Mapping the when, how much and why of the energy use in our buildings can help the evolution of more energy efficient cities.
Buildings are a major contributor of greenhouse gas emissions
The buildings we live, work and play in account for a staggering 40 per cent of the world's energy consumption and one third of global greenhouse gas emissions. Lighting, appliances and indoor climate control consume a large amount of energy, but this can vary enormously across buildings of different types, ages, and purposes.
As global carbon emissions continue to rise, the energy consumed in buildings represent a relatively easy target for emissions reductions. Federal and state governments have attempted to address energy consumption in buildings through a variety of direct and indirect mechanisms that are designed to promote energy efficiency and therefore reduce greenhouse gas emissions.
Until now, we have not been able to get a detailed picture of how and where energy is consumed in buildings, meaning we have not had the ability to model the potential benefits of interventions to reduce energy consumption, or to accurately assess the impact of their implementation.
Previous attempts to do this have been hampered by analyses that have only looked across the sector and not allowed modellers to look at the cost-effectiveness of specific interventions. These early analyses also took a too-simplistic approach to voluntary schemes, and to assessing the impact of variables that are related to the building type and behaviour of its occupants.
Mapping energy use across a city
CSIRO has developed a range of tools that can model the many factors that influence the energy use of a city region, map the actual energy use of that region and assess the impact of interventions on energy use.
For example, one model explores the effects of rebates and incentives on the adoption of both existing renewable energy technologies, such as solar photovoltaic (PV) panels and solar hot water systems, and newer technologies such as hybrid and electric vehicles.
Other potential applications are related to scenario impact assessments of disruptive technologies such as home batteries working in combination with solar PV and smart charging and discharging control.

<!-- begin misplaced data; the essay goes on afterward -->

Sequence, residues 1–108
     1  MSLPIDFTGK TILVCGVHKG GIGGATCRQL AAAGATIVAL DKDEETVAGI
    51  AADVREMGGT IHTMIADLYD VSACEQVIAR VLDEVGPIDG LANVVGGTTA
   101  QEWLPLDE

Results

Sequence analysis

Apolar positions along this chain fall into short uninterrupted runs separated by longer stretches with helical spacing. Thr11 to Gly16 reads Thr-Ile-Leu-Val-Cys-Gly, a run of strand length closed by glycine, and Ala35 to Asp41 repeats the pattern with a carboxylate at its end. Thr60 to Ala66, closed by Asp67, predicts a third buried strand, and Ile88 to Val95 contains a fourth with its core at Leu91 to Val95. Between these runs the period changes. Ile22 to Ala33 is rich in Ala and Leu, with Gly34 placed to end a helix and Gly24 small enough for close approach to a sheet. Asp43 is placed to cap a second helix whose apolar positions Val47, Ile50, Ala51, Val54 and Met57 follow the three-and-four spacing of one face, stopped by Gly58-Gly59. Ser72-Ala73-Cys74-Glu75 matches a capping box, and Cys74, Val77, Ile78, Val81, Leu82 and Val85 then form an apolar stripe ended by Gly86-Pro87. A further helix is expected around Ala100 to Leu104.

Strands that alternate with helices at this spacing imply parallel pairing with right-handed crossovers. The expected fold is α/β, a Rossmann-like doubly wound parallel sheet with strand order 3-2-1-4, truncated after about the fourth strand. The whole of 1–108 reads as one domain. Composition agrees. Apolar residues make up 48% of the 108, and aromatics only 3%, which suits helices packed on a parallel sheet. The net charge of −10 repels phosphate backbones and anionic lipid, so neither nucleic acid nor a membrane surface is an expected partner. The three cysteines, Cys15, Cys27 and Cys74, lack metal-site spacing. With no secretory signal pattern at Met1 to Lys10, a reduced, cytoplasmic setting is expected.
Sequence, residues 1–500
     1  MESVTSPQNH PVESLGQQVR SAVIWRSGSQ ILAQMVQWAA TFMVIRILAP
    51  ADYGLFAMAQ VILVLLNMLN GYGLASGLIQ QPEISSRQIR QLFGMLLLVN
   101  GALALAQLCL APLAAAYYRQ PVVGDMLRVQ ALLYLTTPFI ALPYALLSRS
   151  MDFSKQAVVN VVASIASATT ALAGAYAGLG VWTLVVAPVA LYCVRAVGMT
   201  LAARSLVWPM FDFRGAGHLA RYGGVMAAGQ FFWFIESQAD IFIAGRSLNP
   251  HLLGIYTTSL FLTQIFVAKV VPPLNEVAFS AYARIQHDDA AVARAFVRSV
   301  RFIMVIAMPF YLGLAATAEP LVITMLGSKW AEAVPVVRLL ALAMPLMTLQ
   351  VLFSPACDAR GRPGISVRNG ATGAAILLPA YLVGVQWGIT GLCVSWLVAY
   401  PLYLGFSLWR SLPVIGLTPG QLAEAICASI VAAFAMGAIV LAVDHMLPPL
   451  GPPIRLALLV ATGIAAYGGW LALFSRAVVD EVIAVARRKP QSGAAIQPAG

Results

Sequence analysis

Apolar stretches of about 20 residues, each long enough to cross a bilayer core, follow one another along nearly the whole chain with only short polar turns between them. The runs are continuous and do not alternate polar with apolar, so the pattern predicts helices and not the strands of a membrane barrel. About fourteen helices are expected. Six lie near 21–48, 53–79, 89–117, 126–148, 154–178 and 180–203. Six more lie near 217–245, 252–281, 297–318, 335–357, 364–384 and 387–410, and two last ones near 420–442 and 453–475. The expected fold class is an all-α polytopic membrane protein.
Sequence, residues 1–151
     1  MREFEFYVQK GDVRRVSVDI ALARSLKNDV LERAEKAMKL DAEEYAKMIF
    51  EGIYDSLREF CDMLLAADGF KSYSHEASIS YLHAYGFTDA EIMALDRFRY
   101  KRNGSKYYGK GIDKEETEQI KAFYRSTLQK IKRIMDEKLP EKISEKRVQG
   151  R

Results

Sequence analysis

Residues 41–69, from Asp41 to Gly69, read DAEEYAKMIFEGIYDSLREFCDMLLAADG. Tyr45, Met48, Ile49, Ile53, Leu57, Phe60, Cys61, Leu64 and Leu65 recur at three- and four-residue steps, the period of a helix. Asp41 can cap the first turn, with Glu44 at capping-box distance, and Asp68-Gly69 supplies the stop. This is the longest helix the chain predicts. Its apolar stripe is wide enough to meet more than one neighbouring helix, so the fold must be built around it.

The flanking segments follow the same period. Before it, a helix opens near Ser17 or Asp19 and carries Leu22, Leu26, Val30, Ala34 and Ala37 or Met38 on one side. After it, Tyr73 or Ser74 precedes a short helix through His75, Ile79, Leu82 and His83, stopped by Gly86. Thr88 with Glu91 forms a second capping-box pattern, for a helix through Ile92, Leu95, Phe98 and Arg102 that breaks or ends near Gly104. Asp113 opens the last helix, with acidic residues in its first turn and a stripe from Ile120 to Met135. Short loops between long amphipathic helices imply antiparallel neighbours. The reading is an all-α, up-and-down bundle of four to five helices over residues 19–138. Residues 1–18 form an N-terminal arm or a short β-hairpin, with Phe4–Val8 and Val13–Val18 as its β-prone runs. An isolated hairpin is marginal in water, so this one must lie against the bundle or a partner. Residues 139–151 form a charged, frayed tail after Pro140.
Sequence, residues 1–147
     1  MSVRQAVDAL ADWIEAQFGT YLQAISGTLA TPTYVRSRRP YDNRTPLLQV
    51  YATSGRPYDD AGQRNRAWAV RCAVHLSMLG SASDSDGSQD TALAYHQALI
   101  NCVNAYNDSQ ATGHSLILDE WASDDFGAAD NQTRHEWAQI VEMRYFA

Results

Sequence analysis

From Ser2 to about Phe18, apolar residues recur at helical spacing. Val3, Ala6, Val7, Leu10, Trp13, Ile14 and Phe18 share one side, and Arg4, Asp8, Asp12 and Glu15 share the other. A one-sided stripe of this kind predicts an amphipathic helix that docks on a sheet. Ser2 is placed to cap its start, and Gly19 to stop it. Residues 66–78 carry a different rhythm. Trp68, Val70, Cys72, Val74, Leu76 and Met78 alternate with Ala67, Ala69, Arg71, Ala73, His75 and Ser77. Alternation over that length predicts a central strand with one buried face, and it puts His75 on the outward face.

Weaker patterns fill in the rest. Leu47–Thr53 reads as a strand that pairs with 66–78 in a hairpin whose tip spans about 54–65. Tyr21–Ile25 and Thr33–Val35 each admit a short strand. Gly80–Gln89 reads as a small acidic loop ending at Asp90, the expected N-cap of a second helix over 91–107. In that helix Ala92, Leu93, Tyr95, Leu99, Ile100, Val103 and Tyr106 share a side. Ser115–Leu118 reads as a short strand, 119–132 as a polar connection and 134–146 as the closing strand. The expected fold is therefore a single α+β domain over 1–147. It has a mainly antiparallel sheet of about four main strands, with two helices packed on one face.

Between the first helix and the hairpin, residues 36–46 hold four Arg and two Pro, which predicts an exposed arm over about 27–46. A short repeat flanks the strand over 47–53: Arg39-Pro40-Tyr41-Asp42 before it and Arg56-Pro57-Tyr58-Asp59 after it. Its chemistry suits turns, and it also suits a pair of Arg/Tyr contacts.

CSIRO's new approach allows users to look in detail at the impact of programs on the electricity demand pattern across service areas and/or local jurisdictions.
It also allows the mapping of current annual electricity use in residential and commercial buildings, as well as modelling of future energy use and greenhouse gas emission scenarios.
Putting inner Melbourne on the energy use map
The City of Melbourne and three other Melbourne councils have been working with CSIRO to use this technology to produce the first maps of residential and commercial energy use, at a block level, across inner Melbourne.
The map takes into account the different building types in these city areas, and can even break down to show use in different categories such as space heating and cooling, water heating, lighting and other appliance use.
The map shows energy consumption data from 2011 and simulates energy consumption projections for 2016, 2021 and 2026, using combined data from the 2011 Census, Council property data, and data from electricity provider CitiPower.
As well as showing current energy usage on a block-by-block basis, the model is a physics-based building energy simulation tool. This allows stakeholders such as policy makers, property owners, utility companies and building tenants to see the impact that changes to factors like lighting, air conditioning, appliances and occupant behaviour will have on energy use.
While this study is focused on the city level, it has been used at a state or even national level (for instance, it was used to estimate the energy consumption of NSW and Victoria). It could also be adapted for other purposes, such as analysing peak energy demand patterns, mapping and analysing greenhouse gas emissions, and looking at the feasibility of distributed energy resources such as solar PV, battery storage and wind power.
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